One of our readers drew our attention to a Huffington Post listicle published today, enticingly titled “The 7 Most Exclusive Secret Societies in History.” The blog post lists some well-known names, such as the Freemasons and Yale’s infamous Skull and Bones, with short description of each. To our reader’s—and our—surprise, comfortably nestled in this register of real and debatably still-operative secret societies, is an entry for “The Elders of Zion.”
That’s right, that so-called secret society of Jews “exposed” in 1920 by a newspaper owned by well-known anti-Semite Henry Ford, in an article which was later republished in Russian and disseminated throughout the Muslim world. That supposed Jewish cabal that secretly controls the purse-strings of the world and ensures Jewish world domination; that product of the greatest anti-Semitic canard ever written.
The list was composed by Alex Grecian, a mystery writer with a new book out that, perhaps not surprisingly, features a fictional secret society. “The Karstphanomen (the secret society in my new book, The Devil’s Workshop) whisper Latin phrases to one another, conveying their mutual agreement that the ‘end justifies the means,’” Grecian writes in his introduction to the list.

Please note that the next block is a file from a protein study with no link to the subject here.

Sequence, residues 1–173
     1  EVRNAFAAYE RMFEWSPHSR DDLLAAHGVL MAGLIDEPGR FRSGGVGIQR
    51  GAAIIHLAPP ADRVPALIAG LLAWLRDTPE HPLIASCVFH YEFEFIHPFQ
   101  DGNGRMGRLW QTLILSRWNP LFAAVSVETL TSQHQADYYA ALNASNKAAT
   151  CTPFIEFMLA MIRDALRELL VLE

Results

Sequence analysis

Grecian also includes societies—such as the 18th-century Illuminati—about whose existence there is an actual debate, adding insult to injury by the suggestion that such a debate exists about the Elders of Zion.
True, Grecian states that the Protocols of the Elders of Zion was “quickly debunked as a hoax,” though he quickly adds, “but those articles were collected as a book, newly titled The International Jew: The World’s Foremost Problem.” He continues: “Anti-Semitic theorists around the world still believe that the Protocols were genuine and that there was once a Jewish conspiracy to achieve world domination.”
Ah, Huffington Post. What will you think of next? A list of the 10 most gag-worthy recipes, and #7 will really shock you: matzoh with Christian blood! Or a list of the world’s ten worst villains, Hitler, Pol Pot, and Shylock from The Merchant of Venice! Does your list of the seven greatest pets include unicorns? Does your list of the 15 best vacation spots include Middle Earth?
Seriously, guys. Someone fix this.
Batya Ungar-Sargon is a freelance writer who lives in New York. Her Twitter feed is @bungarsargon.